Abstract: This paper investigates what is essentially a call-by-value version of PCF under a complexity-theoretically motivated type system. The programming formalism, ATR1, has its first-order programs characterize the poly-time computable functions, and its second-order programs characterize the type-2 basic feasible functionals of Mehlhorn and of Cook and Urquhart. (The ATR1-types are confined to levels 0, 1, and 2.) The type system comes in two parts, one that primarily restricts the sizes of values of expressions and a second that primarily restricts the time required to evaluate expressions. The size-restricted part is motivated by Bellantoni and Cook’s and Leivant’s implicit characterizations of poly-time. The time-restricting part is an affine version of Barber and Plotkin’s DILL. Two semantics are constructed for ATR1. The first is a pruning of the nave denotational semantics for ATR1. This pruning removes certain functions that cause otherwise feasible forms of recursion to go wrong. The second semantics is a model for ATR1’s time complexity relative to a certain abstract machine. This model provides a setting for complexity recurrences arising from ATR1 recursions, the solutions of which yield second-order polynomial time bounds. The time-complexity semantics is also shown to be sound relative to the costs of interpretation on the abstract machine.
Availability: Proceedings. For the journal version see our Logical Methods in Computer Science paper of the same name.
Minimization and NP multifunctions (with C. Pollett). Theoretical Computer Science 318(1–2):105–119, 2004.
Abstract: The implicit characterizations of the polynomial-time computable functions FP given by Bellantoni-Cook and Leivant suggest that this class is the complexity-theoretic analog of the primitive recursive functions. Hence it is natural to add minimization operators to these characterizations and investigate the resulting class of partial functions as a candidate for the analog of the partial recursive functions. We do so in this paper for Cobham’s definition of FP by bounded recursion and for Bellantoni-Cook’s safe recursion and prove that the resulting classes capture exactly NPMV, the nondeterministic polynomial-time computable partial multifunctions. We also consider the relationship between our schemes and a notion of nondeterministic recursion defined by Leivant and show that the latter characterizes the total functions of NPMV. We view these results as giving evidence that NPMV is the appropriate analog of partial recursive. This view is reinforced by earlier results of Spreen and Stahl who show that for many of the relationships between partial recursive functions and r.e. sets, analogous relationships hold between NPMV and NP sets. Furthermore, since NPMV is obtained from FP in the same way as the recursive functions are obtained from the primitive recursive functions (when defined via function schemes), this also gives further evidence that FP is properly seen as playing the role of primitive recursion.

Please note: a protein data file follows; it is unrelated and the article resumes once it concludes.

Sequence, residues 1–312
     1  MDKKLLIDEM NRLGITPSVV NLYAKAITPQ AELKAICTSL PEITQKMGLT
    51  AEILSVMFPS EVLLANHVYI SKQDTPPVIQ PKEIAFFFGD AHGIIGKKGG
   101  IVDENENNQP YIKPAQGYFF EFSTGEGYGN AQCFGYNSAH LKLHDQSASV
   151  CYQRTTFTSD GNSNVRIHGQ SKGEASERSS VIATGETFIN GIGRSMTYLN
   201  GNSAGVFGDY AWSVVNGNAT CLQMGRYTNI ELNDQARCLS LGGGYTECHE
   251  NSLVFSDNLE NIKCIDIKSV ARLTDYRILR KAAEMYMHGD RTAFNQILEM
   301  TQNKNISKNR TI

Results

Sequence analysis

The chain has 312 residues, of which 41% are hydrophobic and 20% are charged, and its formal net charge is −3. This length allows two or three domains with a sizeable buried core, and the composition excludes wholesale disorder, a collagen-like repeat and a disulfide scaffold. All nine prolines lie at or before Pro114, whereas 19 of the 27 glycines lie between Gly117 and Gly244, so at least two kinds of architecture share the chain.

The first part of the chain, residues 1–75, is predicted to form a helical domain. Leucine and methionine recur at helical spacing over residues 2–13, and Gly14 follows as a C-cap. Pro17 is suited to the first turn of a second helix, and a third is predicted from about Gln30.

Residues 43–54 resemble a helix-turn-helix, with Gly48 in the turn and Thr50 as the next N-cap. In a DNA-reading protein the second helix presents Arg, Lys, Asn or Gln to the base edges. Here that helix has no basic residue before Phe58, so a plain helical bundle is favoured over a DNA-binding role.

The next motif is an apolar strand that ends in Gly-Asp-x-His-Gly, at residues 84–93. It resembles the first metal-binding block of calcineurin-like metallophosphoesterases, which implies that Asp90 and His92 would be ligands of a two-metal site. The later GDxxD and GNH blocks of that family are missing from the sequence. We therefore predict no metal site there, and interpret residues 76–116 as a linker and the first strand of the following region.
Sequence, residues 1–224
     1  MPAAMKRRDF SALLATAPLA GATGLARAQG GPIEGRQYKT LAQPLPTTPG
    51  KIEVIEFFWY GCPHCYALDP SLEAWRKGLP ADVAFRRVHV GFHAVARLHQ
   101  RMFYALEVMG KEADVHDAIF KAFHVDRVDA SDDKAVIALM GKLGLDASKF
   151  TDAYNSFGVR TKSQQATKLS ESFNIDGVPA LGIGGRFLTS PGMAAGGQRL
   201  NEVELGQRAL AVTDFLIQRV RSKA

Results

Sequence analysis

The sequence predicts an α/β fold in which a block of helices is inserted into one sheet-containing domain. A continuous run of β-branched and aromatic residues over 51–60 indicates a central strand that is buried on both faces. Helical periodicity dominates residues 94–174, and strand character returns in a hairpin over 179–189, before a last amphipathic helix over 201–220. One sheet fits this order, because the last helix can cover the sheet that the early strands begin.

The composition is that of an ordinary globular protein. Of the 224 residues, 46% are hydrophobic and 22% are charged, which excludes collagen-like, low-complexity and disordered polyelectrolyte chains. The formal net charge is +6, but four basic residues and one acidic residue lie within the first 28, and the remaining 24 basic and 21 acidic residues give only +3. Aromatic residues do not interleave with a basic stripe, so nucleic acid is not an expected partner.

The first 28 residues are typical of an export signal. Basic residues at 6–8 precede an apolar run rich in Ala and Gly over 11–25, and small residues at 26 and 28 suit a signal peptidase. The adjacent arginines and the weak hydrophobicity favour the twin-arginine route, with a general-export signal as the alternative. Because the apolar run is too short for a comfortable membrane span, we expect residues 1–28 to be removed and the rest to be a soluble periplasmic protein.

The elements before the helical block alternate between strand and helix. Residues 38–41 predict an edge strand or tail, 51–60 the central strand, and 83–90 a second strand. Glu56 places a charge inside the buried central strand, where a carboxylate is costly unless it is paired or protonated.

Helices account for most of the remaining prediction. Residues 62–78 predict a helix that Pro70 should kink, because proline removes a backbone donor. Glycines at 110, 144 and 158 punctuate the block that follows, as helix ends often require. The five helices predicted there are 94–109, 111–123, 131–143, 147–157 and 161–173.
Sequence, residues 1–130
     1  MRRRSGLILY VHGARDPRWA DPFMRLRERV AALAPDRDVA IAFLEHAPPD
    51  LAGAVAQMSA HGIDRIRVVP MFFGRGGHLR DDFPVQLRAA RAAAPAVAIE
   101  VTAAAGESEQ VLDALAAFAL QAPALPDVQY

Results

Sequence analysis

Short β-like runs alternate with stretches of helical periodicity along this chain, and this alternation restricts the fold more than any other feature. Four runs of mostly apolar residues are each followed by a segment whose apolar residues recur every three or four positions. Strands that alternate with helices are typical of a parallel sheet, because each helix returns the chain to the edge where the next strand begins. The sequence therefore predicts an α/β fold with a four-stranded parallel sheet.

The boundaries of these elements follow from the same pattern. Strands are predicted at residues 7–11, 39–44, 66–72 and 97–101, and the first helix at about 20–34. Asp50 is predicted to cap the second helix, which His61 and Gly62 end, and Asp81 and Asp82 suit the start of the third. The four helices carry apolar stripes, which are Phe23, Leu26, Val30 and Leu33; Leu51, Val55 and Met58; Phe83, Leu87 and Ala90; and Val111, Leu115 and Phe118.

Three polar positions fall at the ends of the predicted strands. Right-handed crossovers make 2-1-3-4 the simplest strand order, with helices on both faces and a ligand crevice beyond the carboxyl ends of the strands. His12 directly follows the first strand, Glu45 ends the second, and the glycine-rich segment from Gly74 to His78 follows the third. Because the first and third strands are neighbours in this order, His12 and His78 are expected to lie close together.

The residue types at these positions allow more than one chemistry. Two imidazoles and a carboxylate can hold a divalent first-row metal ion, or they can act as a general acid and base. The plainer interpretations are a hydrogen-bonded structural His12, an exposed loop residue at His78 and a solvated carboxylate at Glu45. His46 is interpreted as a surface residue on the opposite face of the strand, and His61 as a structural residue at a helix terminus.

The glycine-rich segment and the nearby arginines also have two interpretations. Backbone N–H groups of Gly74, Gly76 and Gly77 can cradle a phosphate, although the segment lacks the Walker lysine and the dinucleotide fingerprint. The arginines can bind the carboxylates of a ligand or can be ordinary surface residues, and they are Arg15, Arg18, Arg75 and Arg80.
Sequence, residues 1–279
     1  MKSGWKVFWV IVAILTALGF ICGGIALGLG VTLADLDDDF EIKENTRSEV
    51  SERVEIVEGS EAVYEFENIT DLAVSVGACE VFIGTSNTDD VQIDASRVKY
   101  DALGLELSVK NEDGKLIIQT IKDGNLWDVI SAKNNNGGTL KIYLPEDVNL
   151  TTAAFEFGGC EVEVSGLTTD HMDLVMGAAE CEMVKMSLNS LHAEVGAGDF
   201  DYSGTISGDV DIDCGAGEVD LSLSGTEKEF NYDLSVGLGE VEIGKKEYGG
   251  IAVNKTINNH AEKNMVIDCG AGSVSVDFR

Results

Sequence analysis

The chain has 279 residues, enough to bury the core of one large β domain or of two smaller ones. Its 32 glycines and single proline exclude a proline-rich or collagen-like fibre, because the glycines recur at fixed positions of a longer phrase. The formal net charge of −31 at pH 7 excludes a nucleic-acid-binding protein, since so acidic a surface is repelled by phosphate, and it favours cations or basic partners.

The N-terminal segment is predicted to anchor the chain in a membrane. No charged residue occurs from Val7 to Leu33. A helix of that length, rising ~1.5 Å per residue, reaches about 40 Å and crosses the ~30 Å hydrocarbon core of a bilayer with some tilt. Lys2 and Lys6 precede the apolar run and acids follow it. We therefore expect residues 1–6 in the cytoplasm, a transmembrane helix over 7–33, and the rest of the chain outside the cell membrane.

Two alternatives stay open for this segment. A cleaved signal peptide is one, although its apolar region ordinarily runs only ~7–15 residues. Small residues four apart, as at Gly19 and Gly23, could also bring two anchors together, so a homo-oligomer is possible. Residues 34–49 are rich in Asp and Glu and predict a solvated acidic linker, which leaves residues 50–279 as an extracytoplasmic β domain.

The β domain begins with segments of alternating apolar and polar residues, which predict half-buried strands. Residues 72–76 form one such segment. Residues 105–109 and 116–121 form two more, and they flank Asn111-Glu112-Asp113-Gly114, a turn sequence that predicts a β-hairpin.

Availability: Journal.
Ramified recurrence with dependent types. In S. Abramsky (ed.), Typed c-Calculi and Applications (Krakw 2001), pp. 91–105. Springer-Verlag (Lecture Notes in Computer Science 2044), Berlin, 2001.
Abstract: We present a version of Gdel’s system T in which the types are ramified in the style of Leivant and a system of dependent typing is introduced. The dependent typing allows the definition of recursively defined types, where the recursion is controlled by ramification; these recursively defined types in turn allow the definition of functions by repeated iteration. We then analyze a subsystem of the full system and show that it defines exactly the primitive recursive functions. This result supports the view that when data use is regulated (for example, by ramification), standard function constructions are intimately connected with standard type-theoretic constructions.
Availability: Proceedings.
Stratified polymorphism and primitive recursion (with D. Leivant). Mathematical Structures in Computer Science 9(4):507–522, 1999.